IT was in Glasgow that Iain Duncan Smith had his glorious epiphany about the lives of the poor.

And it is in Glasgow that third sector groups and legions of volunteers have had to strive to stave off the very worst privations of the soon-to-be-Sir Iain's decisions from his time as secretary of state for work and pensions.

There is no surprise that news of Duncan Smith's reward of a knighthood in the New Year's Honours list.

The list was drawn by Theresa May before she stepped down as Prime Minister and so the decision to reward the Honourable Member for Chingford and Woodford Green was hers.

Talk about a reward for failure.

This is the architect of welfare reforms that have seen families plunged into poverty.

Duncan Smith is responsible for universal credit, the two-child cap and the bedroom tax, three policies that have never had a kind word said about them.

Well, that's not entirely true.

The Joseph Rowntree Foundation was supportive in principle of the ideas behind universal credit - a more streamlined system that would simply a complex system.

But, in practice, the policy was a disaster. The five week wait to receive universal credit meant that families had to turn elsewhere.

This could be to pay day lenders or, worse, loan sharks, who would offer interest rates that would mean borrowers would struggle to pay the cash back.

Or they turned to foodbanks, a UK-wide network of support that has grown and grown under the effects of Duncan Smith's policies to catch people falling through the gaping hole ripped in the social security network.

Of course, the honours system rewards people such as those who work in foodbanks.

Among the annual announcements detailing who is to be rewarded with an honour from the Queen, there are always names that prompt dislike, distaste - and, as with Duncan Smith, disgust.

And there are always calls to scrap the whole system.

One of the things I am most proud of, working for the Glasgow Times, is our awards for people who strive to make a difference in their own communities.

Our Community Champion Awards every year show the incredible, innovative ways that grassroots groups and generous individuals work to make things better for other people.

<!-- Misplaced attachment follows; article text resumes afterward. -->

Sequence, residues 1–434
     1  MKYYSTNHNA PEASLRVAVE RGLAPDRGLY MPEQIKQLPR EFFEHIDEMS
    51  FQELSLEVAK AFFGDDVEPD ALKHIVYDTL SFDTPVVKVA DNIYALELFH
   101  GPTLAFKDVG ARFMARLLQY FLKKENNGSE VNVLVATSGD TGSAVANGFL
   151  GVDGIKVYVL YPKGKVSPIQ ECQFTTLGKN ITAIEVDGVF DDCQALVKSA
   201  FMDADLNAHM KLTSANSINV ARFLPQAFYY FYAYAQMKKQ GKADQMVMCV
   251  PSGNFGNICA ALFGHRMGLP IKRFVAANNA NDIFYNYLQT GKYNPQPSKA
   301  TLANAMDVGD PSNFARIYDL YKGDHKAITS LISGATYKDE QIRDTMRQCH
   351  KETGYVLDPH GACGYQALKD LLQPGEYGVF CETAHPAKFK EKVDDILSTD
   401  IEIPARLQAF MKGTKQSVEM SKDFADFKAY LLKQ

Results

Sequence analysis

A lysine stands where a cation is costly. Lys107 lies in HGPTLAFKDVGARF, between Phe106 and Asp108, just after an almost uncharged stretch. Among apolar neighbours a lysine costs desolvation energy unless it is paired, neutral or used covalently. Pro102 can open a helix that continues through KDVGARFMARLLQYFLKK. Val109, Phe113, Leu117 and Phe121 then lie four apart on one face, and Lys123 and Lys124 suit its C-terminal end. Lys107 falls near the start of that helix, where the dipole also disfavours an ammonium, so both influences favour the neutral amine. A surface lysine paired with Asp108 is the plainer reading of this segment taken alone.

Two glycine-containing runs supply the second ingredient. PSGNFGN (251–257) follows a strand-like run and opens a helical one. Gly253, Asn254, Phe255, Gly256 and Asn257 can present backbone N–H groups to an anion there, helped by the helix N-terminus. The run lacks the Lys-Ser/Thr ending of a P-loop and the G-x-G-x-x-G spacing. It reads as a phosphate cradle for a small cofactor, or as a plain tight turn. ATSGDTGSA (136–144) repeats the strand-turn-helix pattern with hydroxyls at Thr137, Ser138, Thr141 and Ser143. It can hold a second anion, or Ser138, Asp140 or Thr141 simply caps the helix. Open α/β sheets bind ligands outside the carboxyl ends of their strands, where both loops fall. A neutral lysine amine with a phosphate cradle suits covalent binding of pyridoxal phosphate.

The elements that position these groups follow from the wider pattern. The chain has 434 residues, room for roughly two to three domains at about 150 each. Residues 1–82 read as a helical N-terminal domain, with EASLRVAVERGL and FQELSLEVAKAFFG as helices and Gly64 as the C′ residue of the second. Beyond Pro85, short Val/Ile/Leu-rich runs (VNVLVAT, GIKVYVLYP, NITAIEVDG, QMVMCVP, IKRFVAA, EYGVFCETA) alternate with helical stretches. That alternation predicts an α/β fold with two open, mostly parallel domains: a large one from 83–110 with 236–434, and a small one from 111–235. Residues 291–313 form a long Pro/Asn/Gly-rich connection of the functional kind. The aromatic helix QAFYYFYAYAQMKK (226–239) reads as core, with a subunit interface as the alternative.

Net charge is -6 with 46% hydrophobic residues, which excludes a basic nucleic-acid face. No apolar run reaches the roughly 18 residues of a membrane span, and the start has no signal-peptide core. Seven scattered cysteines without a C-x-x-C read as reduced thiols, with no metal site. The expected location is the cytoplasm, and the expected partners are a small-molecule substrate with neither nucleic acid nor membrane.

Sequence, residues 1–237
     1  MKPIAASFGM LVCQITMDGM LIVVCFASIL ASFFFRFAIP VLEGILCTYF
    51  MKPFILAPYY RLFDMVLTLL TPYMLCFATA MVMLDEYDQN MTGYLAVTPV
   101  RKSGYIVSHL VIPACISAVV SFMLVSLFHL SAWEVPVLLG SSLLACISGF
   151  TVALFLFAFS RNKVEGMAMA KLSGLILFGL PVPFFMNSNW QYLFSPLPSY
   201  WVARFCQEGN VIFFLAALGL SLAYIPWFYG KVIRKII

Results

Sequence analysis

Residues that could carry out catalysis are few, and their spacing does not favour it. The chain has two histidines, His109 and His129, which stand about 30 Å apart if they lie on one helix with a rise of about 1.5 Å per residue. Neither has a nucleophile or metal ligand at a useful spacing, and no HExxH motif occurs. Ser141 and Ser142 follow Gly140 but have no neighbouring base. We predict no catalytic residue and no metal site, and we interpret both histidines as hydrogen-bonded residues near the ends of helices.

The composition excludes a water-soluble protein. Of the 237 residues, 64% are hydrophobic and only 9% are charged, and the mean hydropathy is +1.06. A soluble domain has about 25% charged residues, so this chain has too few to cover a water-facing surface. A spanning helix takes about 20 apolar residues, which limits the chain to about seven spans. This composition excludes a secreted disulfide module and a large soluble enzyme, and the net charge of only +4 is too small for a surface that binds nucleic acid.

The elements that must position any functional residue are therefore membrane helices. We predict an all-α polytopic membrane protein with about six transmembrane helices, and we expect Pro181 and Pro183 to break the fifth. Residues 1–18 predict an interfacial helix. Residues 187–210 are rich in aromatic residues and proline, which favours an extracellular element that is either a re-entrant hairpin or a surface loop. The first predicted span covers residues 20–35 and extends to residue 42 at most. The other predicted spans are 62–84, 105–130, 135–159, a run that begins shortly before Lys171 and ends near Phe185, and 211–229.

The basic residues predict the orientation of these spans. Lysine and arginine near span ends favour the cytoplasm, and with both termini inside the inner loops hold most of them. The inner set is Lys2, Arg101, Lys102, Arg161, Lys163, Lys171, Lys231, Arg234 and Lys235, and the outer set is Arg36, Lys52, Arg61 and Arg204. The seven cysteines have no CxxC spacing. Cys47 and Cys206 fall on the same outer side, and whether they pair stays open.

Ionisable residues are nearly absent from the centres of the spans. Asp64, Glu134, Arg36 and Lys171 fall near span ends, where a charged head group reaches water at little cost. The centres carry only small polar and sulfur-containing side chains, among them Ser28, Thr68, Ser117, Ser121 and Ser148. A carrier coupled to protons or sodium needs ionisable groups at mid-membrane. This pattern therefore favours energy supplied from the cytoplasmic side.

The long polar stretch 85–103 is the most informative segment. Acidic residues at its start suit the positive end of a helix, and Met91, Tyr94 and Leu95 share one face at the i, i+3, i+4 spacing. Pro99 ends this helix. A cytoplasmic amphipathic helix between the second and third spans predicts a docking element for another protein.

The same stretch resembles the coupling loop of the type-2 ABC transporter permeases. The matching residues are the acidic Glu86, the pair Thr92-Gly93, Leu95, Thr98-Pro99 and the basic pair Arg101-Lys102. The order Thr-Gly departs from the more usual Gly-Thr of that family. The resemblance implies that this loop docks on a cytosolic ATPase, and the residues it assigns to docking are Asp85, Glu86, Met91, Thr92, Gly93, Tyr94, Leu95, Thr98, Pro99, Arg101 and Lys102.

From running tea dances to after school groups to environmental initiatives, there is always an overwhelming number of entries to choose from.

Many of these will also be plugging the gaps in the state's provision for those who need support - foodbanks, of course, are an obvious example of this.

Our Scotswoman of they Year Awards are one of my favourite nights of the year.

There is nothing like the atmosphere in the room when hundreds of women get together to honour those who have worked to make a change somewhere.

We've had woman who set up charities to welcome refugees to the city.

We've had women who, after their own experience of having a child who is ill, set up art projects for children's hospitals.

One mother, whose daughter was murdered by a stranger, set up a charity to provide families who lost loved ones to manslaughter or murder with financial support at what is a most horrendous time.

These are the people we choose to highlight with our awards - not that any of the people who do this work are doing it for the recognition.

But they deserve it.

After a lifetime of giving their time in the service of others, they deserve to be thanked.

That is what the honours system should be for.

It should be about modest heroes.

Not about cronyism. Not about a outgoing prime minister giving a wee nod and wink to their pals or their own personal, undeserving heroes.

Theresa May, of course, also named Geoffrey Boycott as a recipient of a honour.

A cricket legend, yes, but also a convicted domestic abuser.

This is the same Theresa May who pledged to leave a legacy of reformed and improved domestic abuse legislation for England.

So, acknowledging a problem and rewarding a perpetrator of that problem. An own goal from Theresa.

I'm sure, between us, Britain can think of many deserving titles for Iain Duncan Smith... but Sir is not one of them.

And this is the thing. We all know it, we all see it. Duncan Smith might be delighted with his gong but it's given us a chance to point out his flaws loudly and publicly.

Part of the honours system is a bunch of old cronies slapping each other on the back. But much of it is honouring the nation's real community champions.

They shouldn't miss out when they, unlike Duncan Smith, have really earned it.